A unique partnership between Subaru of America Inc., NPCA, the National Park Service, park concessioners and surrounding communities is helping national parks reduce, reuse and recycle preventing tons of waste going to landfills.
3,334 volunteers gathered 14,126 pounds of trash. Meet some of the Subaru owners who helped give Yosemite a facelift.
Meet Owners Who Were There
San Bruno, California
Passionate. About. Life.
Loves: We strongly believe in preserving what’s left of our environment, restoring what’s been lost and conserving nature’s resources. After driving the Outback on an over 3,000-mile trip to Banff, Calgary, Edmonton and Jasper in Alberta, Canada, I volunteered for two national park cleanups, and I’m looking forward to going to more in the years to come!
Meet Ken Yager, Yosemite Climbing Association (YCA) founder, Yosemite Facelift® creator, family man, climber, climbing historian and resident of Yosemite for 42 years.
What inspired you to begin the Yosemite Facelift?
In 2004, while working as a climbing guide, I was getting more and more frustrated by the vast amounts of toilet paper, baby diapers and other small trash that I had to walk through to get to the rocks with my clients. Rather than continuously being angry, I decided to dedicate three days to cleaning it up. Perhaps the outcome would result in having close to a year of clean trails to walk on before I had to do the cleanup again.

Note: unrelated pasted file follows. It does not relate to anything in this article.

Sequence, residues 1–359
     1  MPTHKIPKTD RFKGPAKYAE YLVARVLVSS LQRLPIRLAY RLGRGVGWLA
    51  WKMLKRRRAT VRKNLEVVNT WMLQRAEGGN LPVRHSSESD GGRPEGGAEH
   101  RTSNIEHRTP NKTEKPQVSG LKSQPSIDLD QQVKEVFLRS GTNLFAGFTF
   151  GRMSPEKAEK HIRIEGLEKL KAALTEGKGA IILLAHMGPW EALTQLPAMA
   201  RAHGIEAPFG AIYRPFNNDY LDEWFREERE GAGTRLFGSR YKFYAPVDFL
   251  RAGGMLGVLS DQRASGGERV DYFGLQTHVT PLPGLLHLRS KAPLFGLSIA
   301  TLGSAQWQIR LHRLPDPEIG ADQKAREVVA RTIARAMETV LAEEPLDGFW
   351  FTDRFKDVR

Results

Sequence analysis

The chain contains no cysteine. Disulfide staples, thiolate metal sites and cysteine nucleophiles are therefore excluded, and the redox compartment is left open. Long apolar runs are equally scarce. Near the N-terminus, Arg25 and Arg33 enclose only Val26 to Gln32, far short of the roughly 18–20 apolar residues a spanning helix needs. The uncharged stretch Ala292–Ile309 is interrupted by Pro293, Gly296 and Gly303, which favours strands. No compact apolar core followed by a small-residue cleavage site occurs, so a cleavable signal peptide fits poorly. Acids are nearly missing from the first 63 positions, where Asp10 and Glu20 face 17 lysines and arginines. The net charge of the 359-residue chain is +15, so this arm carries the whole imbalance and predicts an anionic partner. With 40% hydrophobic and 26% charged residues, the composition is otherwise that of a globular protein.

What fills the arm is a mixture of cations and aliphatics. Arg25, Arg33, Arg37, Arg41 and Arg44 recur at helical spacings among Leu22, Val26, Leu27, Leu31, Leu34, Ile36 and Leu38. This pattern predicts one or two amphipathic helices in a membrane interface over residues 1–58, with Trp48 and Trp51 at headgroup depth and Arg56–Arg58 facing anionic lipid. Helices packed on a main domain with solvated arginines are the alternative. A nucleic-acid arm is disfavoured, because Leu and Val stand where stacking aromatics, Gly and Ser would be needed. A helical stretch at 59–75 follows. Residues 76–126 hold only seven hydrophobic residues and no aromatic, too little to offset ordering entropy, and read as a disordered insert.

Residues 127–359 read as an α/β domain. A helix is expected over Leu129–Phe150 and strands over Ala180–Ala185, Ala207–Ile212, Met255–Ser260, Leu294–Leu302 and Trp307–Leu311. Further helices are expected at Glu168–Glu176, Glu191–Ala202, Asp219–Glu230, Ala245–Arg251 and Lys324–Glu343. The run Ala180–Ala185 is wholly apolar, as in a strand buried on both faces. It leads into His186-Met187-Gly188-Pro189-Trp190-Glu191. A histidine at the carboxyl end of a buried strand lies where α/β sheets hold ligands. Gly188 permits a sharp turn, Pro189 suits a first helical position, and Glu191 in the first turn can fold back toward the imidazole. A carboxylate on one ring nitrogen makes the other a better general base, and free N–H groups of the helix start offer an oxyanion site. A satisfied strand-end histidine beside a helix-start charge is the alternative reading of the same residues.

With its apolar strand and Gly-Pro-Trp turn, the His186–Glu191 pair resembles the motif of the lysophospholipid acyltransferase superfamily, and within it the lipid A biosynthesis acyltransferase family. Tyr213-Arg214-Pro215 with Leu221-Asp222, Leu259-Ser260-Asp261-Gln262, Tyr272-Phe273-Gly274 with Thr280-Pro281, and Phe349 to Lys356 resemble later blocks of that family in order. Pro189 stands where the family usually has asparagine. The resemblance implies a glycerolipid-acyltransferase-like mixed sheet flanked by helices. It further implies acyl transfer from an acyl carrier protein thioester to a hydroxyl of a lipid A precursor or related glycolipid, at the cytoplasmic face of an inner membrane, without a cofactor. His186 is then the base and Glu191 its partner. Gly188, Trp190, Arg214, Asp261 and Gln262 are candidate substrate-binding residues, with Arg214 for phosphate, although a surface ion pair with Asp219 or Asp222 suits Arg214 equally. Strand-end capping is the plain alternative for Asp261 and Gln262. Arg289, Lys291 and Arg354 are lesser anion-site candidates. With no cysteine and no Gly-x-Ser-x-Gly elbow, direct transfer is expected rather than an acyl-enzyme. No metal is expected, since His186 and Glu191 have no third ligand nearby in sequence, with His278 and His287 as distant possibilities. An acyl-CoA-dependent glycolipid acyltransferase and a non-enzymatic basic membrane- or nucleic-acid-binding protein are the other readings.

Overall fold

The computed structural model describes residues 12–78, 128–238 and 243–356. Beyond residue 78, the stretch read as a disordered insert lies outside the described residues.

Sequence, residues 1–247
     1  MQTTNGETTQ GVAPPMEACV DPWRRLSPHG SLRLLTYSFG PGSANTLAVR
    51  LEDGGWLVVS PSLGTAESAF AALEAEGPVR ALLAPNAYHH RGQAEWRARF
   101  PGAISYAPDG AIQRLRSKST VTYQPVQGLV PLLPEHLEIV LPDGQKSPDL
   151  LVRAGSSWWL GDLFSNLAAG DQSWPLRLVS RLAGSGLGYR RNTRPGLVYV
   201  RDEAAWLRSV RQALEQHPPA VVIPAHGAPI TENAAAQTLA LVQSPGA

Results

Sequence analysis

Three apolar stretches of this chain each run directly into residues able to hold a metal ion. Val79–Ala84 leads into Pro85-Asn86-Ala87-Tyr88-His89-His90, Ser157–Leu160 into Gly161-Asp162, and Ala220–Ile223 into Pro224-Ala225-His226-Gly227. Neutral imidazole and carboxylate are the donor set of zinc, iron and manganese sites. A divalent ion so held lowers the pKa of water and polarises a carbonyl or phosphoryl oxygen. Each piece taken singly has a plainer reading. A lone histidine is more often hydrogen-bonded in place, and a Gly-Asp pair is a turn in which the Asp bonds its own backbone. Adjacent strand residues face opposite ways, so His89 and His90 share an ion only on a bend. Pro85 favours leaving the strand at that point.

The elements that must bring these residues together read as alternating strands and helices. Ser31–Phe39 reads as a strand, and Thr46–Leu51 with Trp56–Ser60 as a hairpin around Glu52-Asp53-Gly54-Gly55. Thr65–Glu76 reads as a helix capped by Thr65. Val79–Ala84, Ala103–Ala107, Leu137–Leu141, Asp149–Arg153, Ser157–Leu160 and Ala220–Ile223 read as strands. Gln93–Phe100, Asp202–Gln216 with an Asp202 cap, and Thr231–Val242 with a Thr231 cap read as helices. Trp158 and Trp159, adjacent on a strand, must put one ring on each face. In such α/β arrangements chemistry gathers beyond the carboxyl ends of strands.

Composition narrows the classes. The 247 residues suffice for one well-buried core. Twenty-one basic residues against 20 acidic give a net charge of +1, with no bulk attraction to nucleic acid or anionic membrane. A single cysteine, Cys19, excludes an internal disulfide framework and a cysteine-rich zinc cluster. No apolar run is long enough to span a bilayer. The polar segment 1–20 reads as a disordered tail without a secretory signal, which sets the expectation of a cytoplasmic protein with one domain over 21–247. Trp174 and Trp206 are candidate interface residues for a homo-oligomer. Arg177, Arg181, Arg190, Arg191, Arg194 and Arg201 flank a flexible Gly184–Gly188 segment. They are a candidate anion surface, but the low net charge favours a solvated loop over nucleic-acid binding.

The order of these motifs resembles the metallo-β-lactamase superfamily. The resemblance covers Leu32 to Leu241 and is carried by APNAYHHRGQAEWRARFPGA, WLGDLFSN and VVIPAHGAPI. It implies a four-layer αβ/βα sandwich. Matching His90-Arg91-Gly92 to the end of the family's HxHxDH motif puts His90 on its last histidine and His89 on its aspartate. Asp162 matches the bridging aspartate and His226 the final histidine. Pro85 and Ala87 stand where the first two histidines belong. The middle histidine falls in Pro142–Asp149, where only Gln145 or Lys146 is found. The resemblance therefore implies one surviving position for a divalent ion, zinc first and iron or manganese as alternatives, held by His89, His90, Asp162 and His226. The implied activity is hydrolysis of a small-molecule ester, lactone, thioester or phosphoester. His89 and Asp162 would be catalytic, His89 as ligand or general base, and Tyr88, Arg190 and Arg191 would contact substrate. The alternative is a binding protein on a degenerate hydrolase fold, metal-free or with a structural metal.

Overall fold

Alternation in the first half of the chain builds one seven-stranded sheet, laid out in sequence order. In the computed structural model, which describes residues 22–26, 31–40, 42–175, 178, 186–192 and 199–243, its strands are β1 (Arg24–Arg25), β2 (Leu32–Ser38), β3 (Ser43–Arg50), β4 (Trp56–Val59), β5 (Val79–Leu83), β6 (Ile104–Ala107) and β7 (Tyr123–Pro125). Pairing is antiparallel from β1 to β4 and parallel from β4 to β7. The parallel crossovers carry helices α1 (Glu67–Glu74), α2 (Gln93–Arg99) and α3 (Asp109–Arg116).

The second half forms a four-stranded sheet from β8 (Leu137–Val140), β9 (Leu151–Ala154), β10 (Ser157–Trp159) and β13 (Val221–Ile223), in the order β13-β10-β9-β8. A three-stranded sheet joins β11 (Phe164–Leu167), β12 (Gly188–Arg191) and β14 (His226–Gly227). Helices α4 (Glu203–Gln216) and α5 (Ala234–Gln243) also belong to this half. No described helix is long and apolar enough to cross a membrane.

Forbes.com recently spoke with Will Shafroth, President of the National Park Foundation since 2015. The National Park Foundation is the non-profit partner of the National Park Service, chartered by Congress in 1967 to raise private funds to help protect the parks, connect Americans with them and inspire future generations. The National Park Foundation is supported by individual donors and corporate partners like Subaru, LL Bean, American Express, Budweiser, Hanes Brands, Nature Valley and Union Pacific.
MDA students recently collected almost 300 pounds of polypropylene bottle caps and lids, marked with recycling code 5, for a recycling program sponsored by carmaker Subaru and by Terracycle, a recycling firm based in Trenton, N.J.
Posted in Sustainability, public landscapes on August 22, 2019
By Julia Lowndes
Environmentally friendly practices are gaining traction in the corporate world but being green is more than a trend for companies like Subaru. Since relocating their national headquarters from Cherry Hill to Camden, New Jersey, Subaru has joined forces with the Pennsylvania Horticultural Society (PHS) to design a corporate campus that reflects their long-term commitment to a healthier Earth.